Get all the latest news on coronavirus and more delivered daily to your inbox. Sign up here.
Continue Reading Below
Cases had not exceeded 10 since last weekend when the government allowed nightclubs to reopen, highlighting the potential dangers of restarting certain businesses too early. The country has since closed more than 2,100 nightclubs.
"A drop of ink in clear water spreads swiftly," Vice Health Minister Kim Gang-lip said during a briefing. "Anyone can become that drop of ink that spreads COVID-19."
Korea Centers for Disease Control and Prevention Director Jeong Eun-kyeong said on Friday that the infected man did not wear a mask inside the clubs and that the number of infections will likely rise as health workers trace and test contacts. The clubs’ visitor lists show they received more than 1,500 customers combined on May 2.
The country's disease-control agency on Saturday reported 18 new COVID-19 cases in 24 hours the day before, while Seoul Mayor Park Won-soon on Saturday suggested the total number of infections linked to club-goers is 40. That includes 27 in Seoul, 12 in neighboring Incheon and Gyeonggi and one in the southern port city of Busan.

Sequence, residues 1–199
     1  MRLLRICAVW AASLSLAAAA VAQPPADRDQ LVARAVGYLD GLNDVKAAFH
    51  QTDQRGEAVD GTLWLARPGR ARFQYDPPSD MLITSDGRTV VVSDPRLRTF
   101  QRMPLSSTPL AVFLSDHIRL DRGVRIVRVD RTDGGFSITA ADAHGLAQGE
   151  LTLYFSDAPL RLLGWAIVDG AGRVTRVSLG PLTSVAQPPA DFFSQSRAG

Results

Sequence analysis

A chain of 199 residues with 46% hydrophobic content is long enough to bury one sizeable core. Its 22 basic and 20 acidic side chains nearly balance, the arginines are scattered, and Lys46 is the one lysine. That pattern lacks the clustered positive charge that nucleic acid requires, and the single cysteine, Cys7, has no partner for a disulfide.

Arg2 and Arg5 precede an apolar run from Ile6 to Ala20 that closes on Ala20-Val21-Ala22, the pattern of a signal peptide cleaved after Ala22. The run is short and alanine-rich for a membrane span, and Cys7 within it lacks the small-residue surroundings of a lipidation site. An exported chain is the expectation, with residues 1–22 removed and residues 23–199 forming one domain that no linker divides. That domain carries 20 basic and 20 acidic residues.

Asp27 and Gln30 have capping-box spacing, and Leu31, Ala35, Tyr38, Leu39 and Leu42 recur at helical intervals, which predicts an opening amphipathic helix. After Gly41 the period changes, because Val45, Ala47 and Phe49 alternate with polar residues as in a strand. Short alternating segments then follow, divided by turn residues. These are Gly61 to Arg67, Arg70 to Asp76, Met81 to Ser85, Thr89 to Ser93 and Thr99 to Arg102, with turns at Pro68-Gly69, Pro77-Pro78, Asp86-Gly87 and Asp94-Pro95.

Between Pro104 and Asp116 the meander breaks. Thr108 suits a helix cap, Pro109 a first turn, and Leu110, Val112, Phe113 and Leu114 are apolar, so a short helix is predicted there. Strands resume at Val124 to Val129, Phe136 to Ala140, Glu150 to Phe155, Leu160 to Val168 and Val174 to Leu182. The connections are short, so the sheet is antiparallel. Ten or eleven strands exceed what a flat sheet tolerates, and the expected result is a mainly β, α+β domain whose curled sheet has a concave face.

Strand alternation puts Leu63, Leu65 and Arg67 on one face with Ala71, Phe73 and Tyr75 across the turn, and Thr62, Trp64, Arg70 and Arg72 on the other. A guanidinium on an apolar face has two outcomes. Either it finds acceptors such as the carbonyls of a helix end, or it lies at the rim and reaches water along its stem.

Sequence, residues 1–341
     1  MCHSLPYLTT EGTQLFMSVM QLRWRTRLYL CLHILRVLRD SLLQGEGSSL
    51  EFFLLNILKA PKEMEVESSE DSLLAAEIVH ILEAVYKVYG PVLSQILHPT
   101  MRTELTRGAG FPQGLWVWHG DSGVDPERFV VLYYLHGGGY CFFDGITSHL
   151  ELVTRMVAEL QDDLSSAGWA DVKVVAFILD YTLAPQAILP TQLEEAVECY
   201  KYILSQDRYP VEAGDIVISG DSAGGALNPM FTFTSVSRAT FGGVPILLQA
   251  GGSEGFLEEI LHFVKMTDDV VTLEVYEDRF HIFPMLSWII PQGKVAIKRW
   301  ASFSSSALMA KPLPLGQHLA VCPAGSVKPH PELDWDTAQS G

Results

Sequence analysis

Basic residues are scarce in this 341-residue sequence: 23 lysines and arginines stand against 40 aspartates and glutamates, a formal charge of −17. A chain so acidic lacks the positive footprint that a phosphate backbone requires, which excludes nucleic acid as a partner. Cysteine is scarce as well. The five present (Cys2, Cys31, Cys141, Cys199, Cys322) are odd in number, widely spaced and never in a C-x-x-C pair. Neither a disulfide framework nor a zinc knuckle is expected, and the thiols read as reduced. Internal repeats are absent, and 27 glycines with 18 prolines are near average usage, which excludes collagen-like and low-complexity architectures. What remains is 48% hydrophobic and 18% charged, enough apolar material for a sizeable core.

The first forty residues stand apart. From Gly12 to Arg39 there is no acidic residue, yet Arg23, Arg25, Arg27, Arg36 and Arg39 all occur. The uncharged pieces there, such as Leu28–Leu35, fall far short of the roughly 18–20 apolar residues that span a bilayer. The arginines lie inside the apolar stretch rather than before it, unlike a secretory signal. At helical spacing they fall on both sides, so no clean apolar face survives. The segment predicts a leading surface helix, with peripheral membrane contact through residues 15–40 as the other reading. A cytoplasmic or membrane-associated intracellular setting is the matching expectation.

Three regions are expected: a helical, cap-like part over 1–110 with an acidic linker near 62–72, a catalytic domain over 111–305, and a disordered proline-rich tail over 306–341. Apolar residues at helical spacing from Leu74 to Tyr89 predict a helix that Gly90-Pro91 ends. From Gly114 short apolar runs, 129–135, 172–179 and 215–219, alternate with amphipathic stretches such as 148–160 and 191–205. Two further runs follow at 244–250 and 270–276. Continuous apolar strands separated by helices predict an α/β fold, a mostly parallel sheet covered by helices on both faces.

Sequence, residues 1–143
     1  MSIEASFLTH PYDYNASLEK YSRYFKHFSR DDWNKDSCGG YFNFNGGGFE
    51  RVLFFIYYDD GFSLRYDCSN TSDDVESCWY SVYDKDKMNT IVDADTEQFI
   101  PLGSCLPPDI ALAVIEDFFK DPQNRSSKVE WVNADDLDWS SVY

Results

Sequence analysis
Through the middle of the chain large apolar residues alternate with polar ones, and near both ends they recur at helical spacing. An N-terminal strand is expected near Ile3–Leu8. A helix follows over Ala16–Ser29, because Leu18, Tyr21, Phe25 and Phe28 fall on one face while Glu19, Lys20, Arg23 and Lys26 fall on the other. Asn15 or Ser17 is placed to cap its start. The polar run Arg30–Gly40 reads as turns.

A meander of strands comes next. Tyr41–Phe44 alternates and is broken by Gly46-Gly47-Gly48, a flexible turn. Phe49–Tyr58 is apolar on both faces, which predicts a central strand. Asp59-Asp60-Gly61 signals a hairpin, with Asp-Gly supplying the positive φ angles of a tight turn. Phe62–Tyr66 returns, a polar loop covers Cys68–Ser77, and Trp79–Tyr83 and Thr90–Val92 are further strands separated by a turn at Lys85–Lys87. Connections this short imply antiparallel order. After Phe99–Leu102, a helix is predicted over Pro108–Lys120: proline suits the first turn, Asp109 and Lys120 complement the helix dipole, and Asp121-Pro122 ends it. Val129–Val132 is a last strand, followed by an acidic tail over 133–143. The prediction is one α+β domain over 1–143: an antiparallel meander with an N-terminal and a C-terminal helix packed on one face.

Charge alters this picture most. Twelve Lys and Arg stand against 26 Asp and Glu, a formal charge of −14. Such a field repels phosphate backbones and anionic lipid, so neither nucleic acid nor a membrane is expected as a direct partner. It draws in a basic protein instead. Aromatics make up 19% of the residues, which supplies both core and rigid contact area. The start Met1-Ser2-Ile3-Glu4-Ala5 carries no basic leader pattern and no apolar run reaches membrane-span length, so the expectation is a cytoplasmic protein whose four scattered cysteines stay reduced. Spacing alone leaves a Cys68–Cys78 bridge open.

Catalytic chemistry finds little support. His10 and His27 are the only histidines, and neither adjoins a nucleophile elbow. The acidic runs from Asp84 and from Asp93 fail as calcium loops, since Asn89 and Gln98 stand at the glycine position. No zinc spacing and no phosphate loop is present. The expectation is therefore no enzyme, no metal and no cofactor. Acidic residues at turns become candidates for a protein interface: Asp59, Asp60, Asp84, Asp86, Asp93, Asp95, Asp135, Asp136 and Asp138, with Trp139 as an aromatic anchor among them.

The Korea Centers for Disease Control, which compiles data from local governments, couldn’t immediately confirm Park’s numbers. But senior official Kwon Joon-wook raised concerns that the club-goers could possibly spread “secondary infections from wherever they live.”
South Korea was planning on allowing schools to reopen after seeing COVID-19 cases start to dwindle, but Friday's reports pushed those plans back. Now, the government is advising nightclubs, hostess bars and similar venues to remain closed until the end of May.
"At this moment, it’s too early to say whether we need to postpone the opening of schools, but we will monitor the spread of the virus and review information" from investigations of the new cases, Jeong said.
South Korea has reported more than 10,800 cases and 256 deaths from the virus. The country has received praise for its ability to contain the virus with rapid testing and contact-tracing capabilities.
The Associated Press contributed to this report.